Volatility in this nascent market should not be surprising. Short-term hiccups, particularly given the factors listed above, do not mean the market segment will fail. Conversely, the plethora of new higher mileage gasoline engine options remind us that electric vehicles must meet consumer expectations for value and performance to grow to the share of market that many advocates seek.

Sales On Track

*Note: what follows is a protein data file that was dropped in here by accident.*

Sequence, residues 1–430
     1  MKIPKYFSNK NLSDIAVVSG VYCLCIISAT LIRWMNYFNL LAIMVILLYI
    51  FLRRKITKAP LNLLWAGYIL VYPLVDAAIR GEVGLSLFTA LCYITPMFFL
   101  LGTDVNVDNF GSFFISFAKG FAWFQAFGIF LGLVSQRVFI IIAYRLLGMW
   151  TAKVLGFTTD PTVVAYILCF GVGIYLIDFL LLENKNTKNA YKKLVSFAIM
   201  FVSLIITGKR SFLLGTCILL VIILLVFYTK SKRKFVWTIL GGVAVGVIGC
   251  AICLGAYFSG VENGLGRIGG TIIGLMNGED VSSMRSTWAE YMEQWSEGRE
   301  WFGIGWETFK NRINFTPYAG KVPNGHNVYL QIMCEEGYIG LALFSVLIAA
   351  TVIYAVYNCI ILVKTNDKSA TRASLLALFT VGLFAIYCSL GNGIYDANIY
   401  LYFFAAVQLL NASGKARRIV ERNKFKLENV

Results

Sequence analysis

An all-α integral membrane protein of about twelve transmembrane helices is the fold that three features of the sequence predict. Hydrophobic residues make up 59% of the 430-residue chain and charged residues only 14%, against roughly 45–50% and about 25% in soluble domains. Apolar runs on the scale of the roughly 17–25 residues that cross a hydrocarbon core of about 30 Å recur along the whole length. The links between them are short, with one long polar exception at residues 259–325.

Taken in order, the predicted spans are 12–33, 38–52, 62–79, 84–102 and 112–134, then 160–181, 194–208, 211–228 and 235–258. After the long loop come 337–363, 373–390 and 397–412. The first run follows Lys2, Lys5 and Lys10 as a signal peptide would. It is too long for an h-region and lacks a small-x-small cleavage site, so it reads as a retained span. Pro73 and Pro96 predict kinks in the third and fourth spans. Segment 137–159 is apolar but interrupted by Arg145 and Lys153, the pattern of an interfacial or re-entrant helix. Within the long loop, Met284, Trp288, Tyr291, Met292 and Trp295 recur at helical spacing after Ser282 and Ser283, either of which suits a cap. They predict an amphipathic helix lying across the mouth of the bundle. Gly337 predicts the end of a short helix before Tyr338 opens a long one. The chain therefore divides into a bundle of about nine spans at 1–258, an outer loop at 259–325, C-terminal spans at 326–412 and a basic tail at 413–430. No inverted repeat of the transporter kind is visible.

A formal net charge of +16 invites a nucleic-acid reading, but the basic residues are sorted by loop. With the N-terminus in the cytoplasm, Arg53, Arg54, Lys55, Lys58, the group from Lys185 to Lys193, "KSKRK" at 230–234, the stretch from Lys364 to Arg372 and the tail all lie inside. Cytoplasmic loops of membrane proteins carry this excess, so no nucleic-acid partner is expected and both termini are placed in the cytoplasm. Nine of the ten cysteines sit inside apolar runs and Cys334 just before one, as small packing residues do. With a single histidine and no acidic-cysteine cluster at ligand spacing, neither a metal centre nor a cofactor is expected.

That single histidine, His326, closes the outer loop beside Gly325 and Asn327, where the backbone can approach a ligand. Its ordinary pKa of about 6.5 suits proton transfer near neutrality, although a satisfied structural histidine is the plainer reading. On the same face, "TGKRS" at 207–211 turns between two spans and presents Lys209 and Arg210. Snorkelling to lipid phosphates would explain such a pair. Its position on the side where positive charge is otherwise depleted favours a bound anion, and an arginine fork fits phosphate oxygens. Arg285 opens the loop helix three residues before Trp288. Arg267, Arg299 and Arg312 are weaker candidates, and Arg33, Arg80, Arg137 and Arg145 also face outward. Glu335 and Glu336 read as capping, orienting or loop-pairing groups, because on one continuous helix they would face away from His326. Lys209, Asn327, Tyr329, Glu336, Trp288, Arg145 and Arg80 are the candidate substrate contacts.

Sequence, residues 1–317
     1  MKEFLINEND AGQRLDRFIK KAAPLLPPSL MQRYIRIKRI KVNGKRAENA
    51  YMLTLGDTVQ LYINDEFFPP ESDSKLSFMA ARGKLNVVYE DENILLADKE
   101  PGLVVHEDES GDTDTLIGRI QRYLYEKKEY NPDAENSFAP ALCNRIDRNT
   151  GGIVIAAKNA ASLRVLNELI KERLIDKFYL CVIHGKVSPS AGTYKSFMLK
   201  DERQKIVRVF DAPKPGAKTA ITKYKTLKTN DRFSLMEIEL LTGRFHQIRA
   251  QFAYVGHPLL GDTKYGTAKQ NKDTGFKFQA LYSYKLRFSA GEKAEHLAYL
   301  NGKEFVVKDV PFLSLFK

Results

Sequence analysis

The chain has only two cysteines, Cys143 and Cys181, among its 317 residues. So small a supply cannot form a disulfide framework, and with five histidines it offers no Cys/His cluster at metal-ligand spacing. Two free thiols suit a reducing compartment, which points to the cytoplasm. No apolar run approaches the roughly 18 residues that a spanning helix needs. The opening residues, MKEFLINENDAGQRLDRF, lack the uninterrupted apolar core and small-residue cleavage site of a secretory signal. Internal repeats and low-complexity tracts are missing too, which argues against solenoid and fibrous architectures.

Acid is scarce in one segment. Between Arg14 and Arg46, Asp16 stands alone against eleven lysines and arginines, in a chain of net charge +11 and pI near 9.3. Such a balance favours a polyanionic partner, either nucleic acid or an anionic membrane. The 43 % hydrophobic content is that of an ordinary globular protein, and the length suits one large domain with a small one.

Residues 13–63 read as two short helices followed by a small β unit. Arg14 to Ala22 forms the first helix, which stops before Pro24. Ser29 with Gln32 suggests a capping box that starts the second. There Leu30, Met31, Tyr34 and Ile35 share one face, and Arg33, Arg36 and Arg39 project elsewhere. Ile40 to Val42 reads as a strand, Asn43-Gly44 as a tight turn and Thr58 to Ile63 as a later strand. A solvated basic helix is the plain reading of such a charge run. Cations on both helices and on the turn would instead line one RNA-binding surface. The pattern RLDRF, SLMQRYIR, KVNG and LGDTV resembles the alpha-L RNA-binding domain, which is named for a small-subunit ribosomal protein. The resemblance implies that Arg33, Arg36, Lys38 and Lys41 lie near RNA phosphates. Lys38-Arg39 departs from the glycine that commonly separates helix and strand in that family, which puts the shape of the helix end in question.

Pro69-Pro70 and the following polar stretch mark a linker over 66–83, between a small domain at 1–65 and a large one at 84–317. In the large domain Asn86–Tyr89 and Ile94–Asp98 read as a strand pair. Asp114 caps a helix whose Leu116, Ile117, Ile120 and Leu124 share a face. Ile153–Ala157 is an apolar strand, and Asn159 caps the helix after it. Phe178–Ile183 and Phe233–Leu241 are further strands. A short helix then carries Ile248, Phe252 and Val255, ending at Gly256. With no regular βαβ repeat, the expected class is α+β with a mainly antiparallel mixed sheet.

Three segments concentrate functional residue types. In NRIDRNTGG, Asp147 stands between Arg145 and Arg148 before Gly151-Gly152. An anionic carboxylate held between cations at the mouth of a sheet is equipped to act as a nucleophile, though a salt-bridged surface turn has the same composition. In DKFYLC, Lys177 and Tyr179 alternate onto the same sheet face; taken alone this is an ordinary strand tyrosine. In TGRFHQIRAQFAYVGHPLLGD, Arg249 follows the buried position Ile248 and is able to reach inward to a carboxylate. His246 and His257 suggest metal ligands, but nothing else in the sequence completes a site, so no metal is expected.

First, let’s examine the Volt and LEAF, both of which were first delivered to customers in December 2010. While volumes have been modest—U.S. sales through August totaled about 3,500 for the Volt and about 6,200 for the LEAF—these volumes are in line with expectations. Calendar year 2011 volumes are at or above our expectations of sales of these vehicles from a year ago. The ramp up of these vehicles was expected to be slow, and those plans have been met. But both vehicles are growing in availability, which will continue to improve next year as the cars move from regional to national markets. The biggest issue for these two vehicles is not the short-term, but the medium-term through 2015 and beyond. Our forecast is unchanged, with the Volt reaching 100,000 customers and the LEAF selling 75,000 in that year. While the Volt will not reach the (unrealistic) levels hoped for by G.M. CEO Dan Akerson as the vehicle was launching, improving supply and market forces should result in strong sales.